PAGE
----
The Reading Eagle

Berks native's punk-pop venture is no bitter pill...

By Jim Speese Eagle/Times correspondent

When the punky, Boston-based band The Pills arrives for its gig July 24 in Philadelphia's Khyber Pass, it will be a homecoming of sorts for Berks native Corin Ashley. Ashley grew up in Birdsboro and played bass in a few area cover bands; the biggest names among them were Arthur's Museum and Springfield. After cutting his teeth playing in area nightclubs such as Hugo's (remember that place?) And the Silo, Ashley graduated from Daniel Boone High School and moved to Boston to attend the Berklee College of Music. After graduating, Ashley remained in the Boston area, playing with many bands before meeting up with guitarist David Thompson in line for tickets to an Elvis Costello concert. Shortly thereafter, the pair's individual bands broke up, and they formed The Pills with guitarist Clyde O'Scope and percussionist Jamie Vavra. Ashley and Thompson share vocal duties for the quartet.

With The Pills, Ashley has toured most of the U.S., playing as far west as Los Angeles and as far south as New Orleans. But, ironically enough, the Khyber Pass show will be the band's first in Pennsylvania. As Ashley wrote in a letter, "Finally my family will come and see us."

After winning a national talent search sponsored by Jim Beam Bourbon, The Pills joined the Jim Beam tour, playing shows with the B- 52's, The Smithereens, The Rev. Horton Heat and Juliana Hatfield. The band even played a show with the Village People, as sure a sign of success as any. The Pills released a vinyl single, "Scooter Gurl", in 1997 and followed it up with an album, "Wide Awake with the Pills", on the Boston-area label Monolyth. The album (which is available from the band's Web site: has been garnering air play on college stations throughout the country, including Albright's station, WXAC, where Ashley once served as a disc jockey.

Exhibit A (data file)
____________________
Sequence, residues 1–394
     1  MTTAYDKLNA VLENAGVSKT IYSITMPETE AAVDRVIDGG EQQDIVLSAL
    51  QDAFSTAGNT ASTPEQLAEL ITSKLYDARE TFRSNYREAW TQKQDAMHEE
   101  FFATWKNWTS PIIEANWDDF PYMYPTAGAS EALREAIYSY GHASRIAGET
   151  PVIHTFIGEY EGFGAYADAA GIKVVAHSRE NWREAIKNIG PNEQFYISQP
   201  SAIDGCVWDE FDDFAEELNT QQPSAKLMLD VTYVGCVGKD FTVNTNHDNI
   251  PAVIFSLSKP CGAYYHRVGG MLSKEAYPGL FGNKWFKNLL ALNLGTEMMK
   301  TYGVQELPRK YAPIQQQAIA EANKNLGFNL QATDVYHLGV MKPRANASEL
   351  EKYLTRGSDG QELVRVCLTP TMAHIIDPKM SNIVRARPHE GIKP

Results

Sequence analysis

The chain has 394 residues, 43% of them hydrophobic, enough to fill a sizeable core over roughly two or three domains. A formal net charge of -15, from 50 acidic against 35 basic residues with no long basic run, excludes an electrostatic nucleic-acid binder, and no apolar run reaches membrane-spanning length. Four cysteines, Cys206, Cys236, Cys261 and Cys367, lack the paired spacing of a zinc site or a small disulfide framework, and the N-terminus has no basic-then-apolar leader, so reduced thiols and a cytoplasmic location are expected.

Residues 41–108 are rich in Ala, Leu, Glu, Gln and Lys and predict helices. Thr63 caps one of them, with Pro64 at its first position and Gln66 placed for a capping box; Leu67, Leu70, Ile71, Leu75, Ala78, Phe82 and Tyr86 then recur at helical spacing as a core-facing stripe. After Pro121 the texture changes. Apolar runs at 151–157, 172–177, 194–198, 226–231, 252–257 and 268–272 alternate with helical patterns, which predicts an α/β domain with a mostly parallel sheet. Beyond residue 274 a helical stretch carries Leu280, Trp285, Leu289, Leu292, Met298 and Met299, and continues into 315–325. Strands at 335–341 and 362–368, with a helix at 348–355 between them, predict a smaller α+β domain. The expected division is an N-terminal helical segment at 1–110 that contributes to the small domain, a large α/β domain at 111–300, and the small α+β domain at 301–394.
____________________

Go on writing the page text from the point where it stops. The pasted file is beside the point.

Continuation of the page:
Of course, all this means nothing if the music isn't very good. Luckily for Ashley and all the rest of the aspiring musicians in Berks, "Wide Awake" is exemplary. Appropriately enough, The Pills' album sounds a bit like The Monkees on amphetamines - or like the early Police without Sting's later jazz and world beat-inspired moments and all their attendant pretensions. There's also shades of the poppy catchiness of Squeeze along with the sneering cleverness of early Elvis Costello. Take this snippet from the powerful "Butternut": "As he makes a midnight snack of soggy pretzels/He says 'I feel about as useful as an eight- track in an Edsel.'" That couplet draws into the chorus: "His Christian name is mud/But the children call him butternut." Clever, frenetic, poppy and fun.

Tracks like the irrepressible "Call Me If There's Any Change" could have been written in the midst of the '60s British Invasion pop, the '70s punk explosion, the '80s power-punk resurgence, or the '90s alternative pop punk nostalgia. It works in so many different ways. There are some cool guitar moments peppered throughout this pop concoction, but no typical guitar heroics. Indeed, the printed lyrics to "Butternut" warn the listener of an upcoming instrumental break: "guitar solo (symbolizing an emotional reckoning)." It's all done in fun, and it's all done amazingly well.

This band is thoroughly listenable from start to finish. If there's any complaint, it's a minor question of dynamics. The whole album rolls out so frenetically - moving with such speed and flinging off tons of disposable hooks - that it never really lets you up for air. There are no real quiet moments. But that's OK. This is certainly no bitter pill, and I highly recommend anyone with a taste for pop, punk and good clean fun to check out The Pills. If nothing else, it's gratifying to see (or hear) a local musician doing quite well in the "outside world". Ashley is a big piece of a very good band, and he's bringing them home next Saturday night.


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